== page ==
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Movie Characters Inspired By Real-Life People

Hollywood loves to make movies based on true stories. Sometimes, though, even fictional films contain characters inspired, albeit loosely, by people from the real world. Here are a few unforgettable examples of big-screen characters whose creators relied on a little more than pure imagination.

Jabba the Hutt - Sydney Greenstreet

The original Star Wars trilogy didn't show filmgoers the sluglike gangster known as Jabba the Hutt until 1983's Return of the Jedi, but that had as much to do with special effects as storytelling. Lacking the budget to do his concept of the character justice, franchise mastermind George Lucas filmed a Jabba scene for the first Star Wars, but instead of the slimy alien appearance he'd later take, he was human—played by actor Declan Mulholland. Decades after Lucas cut that sequence, he inserted it in the "special edition" of the movie, with Mulholland digitally replaced by a CGI version of the character (instead of the prosthetic Jabba seen in Episode VI).

Lucas' inspiration for Star Wars ran far and wide—he wasn't just inspired by other stories and movies, but also actors. While Jabba the Hutt ended up looking like a monster, the original inspiration for the character came from legendary actor Sydney Greenstreet, who appeared in Casablanca and The Maltese Falcon. Lucas told the stop-motion animators that he needed something that was "Alien and grotesque... just like Sydney Greenstreet," recalled effects supervisor Phil Tippett. "I had kind of gotten this idea down to this big, slug-like thing that was just pulsating, massive flesh." Tippet said at one point he had a fez on one of the models, just like the one Greenstreet used to wear.

Nacho Libre - Fray Tormenta

How far would a priest go to protect his flock? In Mexico, Sergio Gutiérrez Benítez supported his orphanage for 23 years by moonlighting as a Lucha Libre wrestler. He was so good in the ring that he earned the name Fray Tormenta, and over the years, several video game developers have taken inspiration from his exploits for their characters in fighting games. In 2006, Jared Hess brought Benitez's story to life on the big screen in Nacho Libre, starring Jack Black. In the movie, Black's Nacho Libre is a cook at an orphanage that faces closure, and in order to keep it open, he becomes a luchador to earn money for the monastery, despite wrestling being outlawed. Hollywood took a few liberties with Benitez's story for the movie, but make no mistake, without Fray Tormenta, there would be no Nacho Libre.

The Dude - Jeff Dowd

Jeff Bridges got his start in Hollywood at an early age, starring in dozens of movies (and racking up four Oscar nominations) before he appeared in the Coen Brothers' The Big Lebowski in 1998. For all that success, Jeffrey "The Dude" Lebowski might be Bridges' most recognizable character—and although the movie's story and all of its characters are fictional, the Coen Brothers based the Dude on their friend Jeff Dowd.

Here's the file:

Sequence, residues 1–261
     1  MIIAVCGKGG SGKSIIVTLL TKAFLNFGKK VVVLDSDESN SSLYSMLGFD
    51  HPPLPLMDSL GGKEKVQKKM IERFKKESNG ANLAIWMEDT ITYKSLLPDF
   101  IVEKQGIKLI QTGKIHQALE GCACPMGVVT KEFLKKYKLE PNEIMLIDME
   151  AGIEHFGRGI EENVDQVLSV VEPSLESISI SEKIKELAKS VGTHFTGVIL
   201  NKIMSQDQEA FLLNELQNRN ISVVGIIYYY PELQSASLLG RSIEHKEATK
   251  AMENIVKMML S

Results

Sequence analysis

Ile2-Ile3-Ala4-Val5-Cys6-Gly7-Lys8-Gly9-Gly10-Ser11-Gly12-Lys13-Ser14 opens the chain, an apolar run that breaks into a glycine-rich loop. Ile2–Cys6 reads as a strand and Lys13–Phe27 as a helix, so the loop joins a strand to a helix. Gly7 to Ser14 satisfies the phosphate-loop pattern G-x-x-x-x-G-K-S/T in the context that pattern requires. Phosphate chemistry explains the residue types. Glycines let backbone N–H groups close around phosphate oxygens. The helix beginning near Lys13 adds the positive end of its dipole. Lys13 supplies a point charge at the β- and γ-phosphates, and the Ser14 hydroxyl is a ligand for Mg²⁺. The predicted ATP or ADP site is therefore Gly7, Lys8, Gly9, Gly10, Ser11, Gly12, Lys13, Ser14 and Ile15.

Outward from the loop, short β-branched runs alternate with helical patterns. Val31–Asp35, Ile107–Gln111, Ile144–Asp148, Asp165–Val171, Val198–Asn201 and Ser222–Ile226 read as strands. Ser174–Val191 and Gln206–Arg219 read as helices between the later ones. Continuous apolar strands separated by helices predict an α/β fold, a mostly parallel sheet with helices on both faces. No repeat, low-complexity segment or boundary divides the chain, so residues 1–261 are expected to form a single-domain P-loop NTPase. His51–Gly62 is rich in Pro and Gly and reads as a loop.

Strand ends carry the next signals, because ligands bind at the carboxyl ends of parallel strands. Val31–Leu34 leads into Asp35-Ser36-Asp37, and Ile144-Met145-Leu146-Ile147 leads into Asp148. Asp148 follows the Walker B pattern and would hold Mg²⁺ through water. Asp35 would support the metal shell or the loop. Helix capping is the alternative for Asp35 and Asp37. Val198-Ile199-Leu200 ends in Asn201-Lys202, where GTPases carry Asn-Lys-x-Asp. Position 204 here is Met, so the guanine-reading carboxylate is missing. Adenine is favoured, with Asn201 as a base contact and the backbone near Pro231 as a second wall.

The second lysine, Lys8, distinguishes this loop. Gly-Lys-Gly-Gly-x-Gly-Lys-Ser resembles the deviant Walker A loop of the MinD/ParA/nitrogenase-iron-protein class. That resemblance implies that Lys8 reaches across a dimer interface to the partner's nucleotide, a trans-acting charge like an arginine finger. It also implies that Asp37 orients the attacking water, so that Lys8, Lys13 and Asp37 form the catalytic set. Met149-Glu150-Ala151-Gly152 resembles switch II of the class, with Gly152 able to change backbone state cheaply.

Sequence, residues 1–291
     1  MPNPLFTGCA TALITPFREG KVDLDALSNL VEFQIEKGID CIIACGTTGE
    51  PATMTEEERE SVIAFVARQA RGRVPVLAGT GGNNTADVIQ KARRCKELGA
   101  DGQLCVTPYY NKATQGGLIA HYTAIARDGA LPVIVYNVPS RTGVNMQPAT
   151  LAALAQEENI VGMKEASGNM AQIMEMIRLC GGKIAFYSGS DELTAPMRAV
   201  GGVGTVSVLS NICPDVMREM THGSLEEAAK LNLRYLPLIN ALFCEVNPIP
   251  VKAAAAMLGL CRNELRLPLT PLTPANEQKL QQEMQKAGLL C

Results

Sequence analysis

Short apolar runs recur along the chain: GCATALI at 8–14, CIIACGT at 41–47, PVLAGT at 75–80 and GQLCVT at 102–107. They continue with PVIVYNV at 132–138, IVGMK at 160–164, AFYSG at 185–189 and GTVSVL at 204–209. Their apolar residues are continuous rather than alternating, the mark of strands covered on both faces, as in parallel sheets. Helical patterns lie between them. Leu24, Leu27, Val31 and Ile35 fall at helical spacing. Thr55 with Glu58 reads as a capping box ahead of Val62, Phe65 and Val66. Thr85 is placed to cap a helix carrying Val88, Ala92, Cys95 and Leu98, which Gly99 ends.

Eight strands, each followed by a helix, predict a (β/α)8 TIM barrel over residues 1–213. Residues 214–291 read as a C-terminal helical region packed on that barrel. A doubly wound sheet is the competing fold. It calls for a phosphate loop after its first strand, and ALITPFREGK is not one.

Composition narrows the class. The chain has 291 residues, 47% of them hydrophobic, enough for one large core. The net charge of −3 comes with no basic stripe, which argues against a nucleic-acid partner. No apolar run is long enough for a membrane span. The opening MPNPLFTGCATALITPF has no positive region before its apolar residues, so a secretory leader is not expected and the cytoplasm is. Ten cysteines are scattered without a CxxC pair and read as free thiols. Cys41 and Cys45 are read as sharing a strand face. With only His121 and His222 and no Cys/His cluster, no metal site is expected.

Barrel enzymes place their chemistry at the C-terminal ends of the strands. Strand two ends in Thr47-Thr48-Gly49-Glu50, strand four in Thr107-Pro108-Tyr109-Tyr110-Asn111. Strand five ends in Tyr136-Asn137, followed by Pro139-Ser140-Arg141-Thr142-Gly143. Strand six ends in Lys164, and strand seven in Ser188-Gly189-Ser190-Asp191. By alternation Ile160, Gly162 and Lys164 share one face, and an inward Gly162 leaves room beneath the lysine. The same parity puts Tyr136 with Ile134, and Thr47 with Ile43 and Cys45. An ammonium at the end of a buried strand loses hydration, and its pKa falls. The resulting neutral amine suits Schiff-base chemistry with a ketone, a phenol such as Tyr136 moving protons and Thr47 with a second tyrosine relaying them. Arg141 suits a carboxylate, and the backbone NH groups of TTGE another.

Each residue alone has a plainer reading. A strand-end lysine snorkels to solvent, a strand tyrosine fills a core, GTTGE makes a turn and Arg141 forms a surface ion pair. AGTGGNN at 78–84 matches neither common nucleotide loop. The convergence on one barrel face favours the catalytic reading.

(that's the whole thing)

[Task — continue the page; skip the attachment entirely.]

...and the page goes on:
Joel and Ethan Coen met Dowd, a Hollywood producer, while promoting their first film, Blood Simple, in the '80s. Over the course of their friendship, they discovered Dowd's quirky personality and mannerisms and eventually decided to write a script around him. "[The Dude's] body language is one hundred percent me in the movie," Dowd told Huffington Post. However, he admits that he doesn't always go bowling or drink White Russians. "Things like that are things that Joel and Ethan [Coen] put in there for satire, but barely."

Frank Costello - James 'Whitey' Bulger

Martin Scorsese's The Departed is a loose remake of the Hong Kong crime flick Infernal Affairs, but when transporting the story to the U.S., he centered it on organized crime in Boston. He based two of the film's main characters, Frank Costello and Colin Sullivan, on the infamous Boston gangster James "Whitey" Bulger and his friend and accomplice, FBI Agent John Connolly. A notable difference: in the film, Sullivan is much younger than Costello and is treated somewhat as a son, instead of a brother.

Scorsese has made a number of gangster films, so when he and writer William Monahan were gearing up for The Departed, they wanted to create something different. According to Scorsese, Monahan suggested they base the story on Bulger while adding a narrative spin all their own. That's where Jack Nicholson's Costello and Matt Damon's Sullivan came in. Interestingly, at the time the film was released, Bulger was still on the run—but authorities finally caught up with the notorious gangster in 2011, in Santa Monica, CA.

Viktor Navorski - Mehran Karimi Nasseri

One of several hit collaborations between Steven Spielberg and Tom Hanks, 2006's The Terminal follows Viktor Navorski, a man who, upon arriving at John F. Kennedy International Airport in New York, discovers his home country has fallen into civil war and as a result, his passport is no longer valid. Viktor can't leave the airport—nor can he be sent home—and he spends the next nine months trapped inside one of JFK's abandoned terminals. Does spending three-quarters of a year inside an airport sound harrowing? Imagine doing it for years.